A coffee break. Usually with something sweet. Definitely with friends (old and new).
Stina’s apartment is in Malmö in southern Sweden. It’s a city that’s bursting with creative companies, ad agencies, film production firms. And it’s this creativity that attracted Stina. That and skating. Stina loves to skateboard and the flat streets of Malmö are perfect.
Her home is a like a mirror of her creative character and it’s easy to see her artistic flare isn’t just part of her job. Her apartment is colourful, the walls are dotted with graphic art and photographs and the various table and shelf displays are well styled. It looks as though it’s been planned, but Stina assures us, it hasn’t. It has all come together organically.
“I’ve bought things one at a time and mostly while travelling.” Travelling, that’s another of Stina’s passions (and biggest inspirations). She has travelled all over the world, but her favourite places are Brazil, Taiwan and London – “I love a good pub lunch” say’s Stina.
“My home is a mix of designer hand-me-downs, IKEA PS furniture and super cheap vintage stuff.”
And all these things have a tale to tell. “I love vintage stuff because it comes with a story. This history makes it really cool.” But Stina loves IKEA PS furniture, from both recent and older collections, for the same reason.
“I love the whole idea about IKEA PS. It’s something out of the ordinary. I love the design. And although it’s new, the products still have a story.”
Travelling is another of Stina’s passions (and biggest inspirations). She has travelled all over the world, but her favourite places are Brazil, Taiwan and London. “I love a good pub lunch,” she says. And when Stina’s away she can’t resist picking something up. “I always buy something when I’m travelling. I love to keep little reminders of my trips all around my home.”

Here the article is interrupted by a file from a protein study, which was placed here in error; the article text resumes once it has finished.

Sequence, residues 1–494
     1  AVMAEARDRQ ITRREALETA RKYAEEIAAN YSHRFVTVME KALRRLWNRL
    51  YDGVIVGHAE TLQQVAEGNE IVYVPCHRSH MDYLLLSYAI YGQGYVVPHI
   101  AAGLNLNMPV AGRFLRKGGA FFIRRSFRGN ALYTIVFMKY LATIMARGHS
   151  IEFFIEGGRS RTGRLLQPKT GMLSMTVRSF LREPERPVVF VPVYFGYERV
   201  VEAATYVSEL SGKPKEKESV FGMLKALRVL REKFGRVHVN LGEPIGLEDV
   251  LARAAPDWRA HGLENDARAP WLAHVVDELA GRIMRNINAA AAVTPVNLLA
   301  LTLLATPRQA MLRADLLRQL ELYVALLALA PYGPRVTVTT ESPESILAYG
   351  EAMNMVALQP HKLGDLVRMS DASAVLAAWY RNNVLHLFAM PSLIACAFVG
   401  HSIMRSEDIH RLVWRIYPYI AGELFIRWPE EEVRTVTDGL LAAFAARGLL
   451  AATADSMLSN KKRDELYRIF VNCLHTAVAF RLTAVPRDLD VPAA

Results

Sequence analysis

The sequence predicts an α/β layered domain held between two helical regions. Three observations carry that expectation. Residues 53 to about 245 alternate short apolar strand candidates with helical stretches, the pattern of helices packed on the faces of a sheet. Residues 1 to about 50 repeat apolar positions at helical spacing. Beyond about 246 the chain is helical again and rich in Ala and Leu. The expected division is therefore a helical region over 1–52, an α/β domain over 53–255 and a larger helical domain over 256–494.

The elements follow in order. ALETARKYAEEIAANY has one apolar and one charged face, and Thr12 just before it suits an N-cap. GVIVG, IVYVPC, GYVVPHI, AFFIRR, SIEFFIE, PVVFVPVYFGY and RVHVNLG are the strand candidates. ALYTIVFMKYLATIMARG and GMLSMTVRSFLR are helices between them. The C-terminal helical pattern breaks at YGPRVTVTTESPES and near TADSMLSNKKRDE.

When she’s at home, Stina definitely spends time making her apartment her own. “I’m really proud of the set-up I’ve made with this second-hand sofa, those (she points) IKEA RIBBA picture shelves and vintage posters and pictures. There’s even a picture of my dad as a baby. When I mix old and new I like to blend in personal stuff too.”
Stina has totally nailed this mixing of old and new, vintage and modern. There’s the vintage chest of drawers and desk mixed with her new (and very comfy) modern red sofa in her living room. The accents, or ‘pops’ as Stina calls them, of second-hand cushions, the kitschy table display - who would’ve thought a leopard, vintage glassware and a plastic flower floating in a water-filled glass ball would work? - and the vintage wall map tie the room together.
Our tips for mixing vintage with modern
When function’s important, go modern
Thanks to new design methods and materials, modern furniture is generally more comfortable and functional than older things. But complement a modern lamp or chair for example, with a vintage desk or table.
Create displays with odd numbers
Make your favourite items stand out by grouping things together using odd numbers. Just one piece in the group should be either old or new. So, two old and one new. Or, four new and one old.
Use colour to tie it all together
You can bridge the furniture generation gap with colour. Stina has gone for red, but you can choose any colour you like, so long as you’re consistent. Textiles are an easy (and cost-conscious) way of connecting dissimilar items of furniture.
“I don’t want my home to look like a museum. I like variety. Things wouldn’t ‘pop’ as much if they were all old or all new.”
So, is it just about having a good ‘eye’ or a strong sense of style? Or is it about being true to yourself, buying what you like and making your home your own? “I say: if you like something just buy it. Otherwise, you’ll regret it later.” And that pretty much sums up Stina. “Carpe diem!” she says.